Friday, October 21, 2011

Week 7: Colds and Exhaustion and Falling Behind

A woman I know always used to tell me "There is no cure for the common cold because the cold is the cure." So true.

I am convinced that we catch colds when our bodies are fed up with us for some reason. Usually that involves not having our proper sabbath rest. My family has been occupied every weekend lately--church events, traveling, something here, something there. I can't remember a weekend lately when there was just nothing on the calendar. This week we all ended up with colds, so this weekend we are calling everything off and recovering, resting, catching up on what it means to be us.

Because of the colds we fell just a tad short on things I would have liked to cover, but we still did a fair amount of work. We are covering week 7 of unit 1 of year three of Tapestry of Grace--Simon Bolivar and South America. It has been a fair week of study. I hope to dig in a bit deeper next week on the South America study.

Math has been great for Matty this week. He has really grasped the fractions concepts and is truly achieving mastery. Molly did addition of 8 and did pretty well, also. We still continue to work on skip counting with her, and she is now working on sixes.

I am working on remembering balance. I am currently reading Joel Salatin's book Folks, This Ain't Normal. I doubt that I will ever be a farmer and live completely off of my own land and eat food that I have put up in my larder for the winter. I don't especially have the desire to be that. Nevertheless, I am once again inspired to invest in my children the concept of work, responsibility, earning potential (at a young age), minimal screen time, respect for the land and possibly the idea of being the kind of person who does live off the land when I am older. I have this love-hate relationship with my computer, with facebook, with Netflix. The potential of all of these things for good is phenomenal, but it seems the majority of time spent is being wasted. I want to see something grow as a result of my own time and effort, but at the moment I feel like a consumer, raising consumers. How can I raise my kids in suburbia to be real and not tied to a device? It feels like The Matrix...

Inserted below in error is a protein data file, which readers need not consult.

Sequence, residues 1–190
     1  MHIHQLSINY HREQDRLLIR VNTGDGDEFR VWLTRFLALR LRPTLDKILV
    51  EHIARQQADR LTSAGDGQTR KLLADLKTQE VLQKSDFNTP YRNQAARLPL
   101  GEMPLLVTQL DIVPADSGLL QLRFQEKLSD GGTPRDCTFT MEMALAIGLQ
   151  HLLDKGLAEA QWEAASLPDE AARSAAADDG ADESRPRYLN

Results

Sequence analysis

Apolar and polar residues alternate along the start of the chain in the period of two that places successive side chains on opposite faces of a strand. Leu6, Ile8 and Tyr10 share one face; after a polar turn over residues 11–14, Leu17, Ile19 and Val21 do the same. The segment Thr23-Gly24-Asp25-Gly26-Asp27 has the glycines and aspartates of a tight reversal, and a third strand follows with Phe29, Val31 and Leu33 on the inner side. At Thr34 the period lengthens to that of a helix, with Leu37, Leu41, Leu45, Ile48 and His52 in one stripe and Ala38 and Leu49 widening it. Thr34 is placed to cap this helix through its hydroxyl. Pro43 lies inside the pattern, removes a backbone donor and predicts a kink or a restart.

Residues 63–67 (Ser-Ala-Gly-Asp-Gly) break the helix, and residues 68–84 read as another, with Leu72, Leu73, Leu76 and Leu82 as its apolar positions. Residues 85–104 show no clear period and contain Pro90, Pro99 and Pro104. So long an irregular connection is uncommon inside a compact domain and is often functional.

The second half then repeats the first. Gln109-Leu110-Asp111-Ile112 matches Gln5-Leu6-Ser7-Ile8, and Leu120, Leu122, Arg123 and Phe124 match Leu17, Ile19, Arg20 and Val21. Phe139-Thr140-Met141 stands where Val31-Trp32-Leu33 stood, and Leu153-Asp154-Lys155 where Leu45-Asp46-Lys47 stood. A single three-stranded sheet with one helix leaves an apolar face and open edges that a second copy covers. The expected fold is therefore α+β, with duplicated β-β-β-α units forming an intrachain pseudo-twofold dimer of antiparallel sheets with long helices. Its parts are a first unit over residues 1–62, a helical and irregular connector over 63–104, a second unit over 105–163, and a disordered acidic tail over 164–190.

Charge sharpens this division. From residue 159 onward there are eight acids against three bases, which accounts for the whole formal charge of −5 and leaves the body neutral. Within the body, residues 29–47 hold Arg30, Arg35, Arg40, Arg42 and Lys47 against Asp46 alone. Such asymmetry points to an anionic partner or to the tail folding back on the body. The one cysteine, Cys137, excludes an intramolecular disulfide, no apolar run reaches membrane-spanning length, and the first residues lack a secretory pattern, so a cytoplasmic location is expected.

1. Hey Kelly! Read your comment about This Ain't Normal on FB, then came here to read this post. Have you read The Omnivore's Dilemma? That's where I first encountered Polyface Farms (funny name, hm? It does seem as if they could have come up with something just a bit more poetic for such an extraordinary place!), and I tell ya, I was positively entranced! Why can't all farming be like that! That guy is a genius...I love how he uses his land and is so thoughtful about sustainability, etc. Anyway, just had to comment. You got me reading what's available of the book on Amazon's Look Inside Now option, and now I'm wanting to read the whole thing, but I've been buying WAY too many books lately. We're running out of shelf space! Hey, we need a phone date soon! I'll call you and if you can't talk then, we'll set something up.

    love you! Keri (Wright)

  2. Hey Keri! LOVE the book. LOVE Joel. Can't wait to make a drive out there to see his farm here in the near future--maybe this weekend, even! Sell off a book or two to make room for this one. It is so worth it. Anyway, do call anytime. Home is better--I get crummy cell reception in the house.

  3. OK, I'm so jealous that you're in driving distance! You'll have to write a nice, detailed blog post when you go...can't wait to hear about it!

  4. Well, you know, it's just a good reason to come for a visit...The Sanders made the pilgrimage this summer and we had a blast.

  5. Oh, and forgot to mention that Omnivore's Dilemma is next on my list to read...


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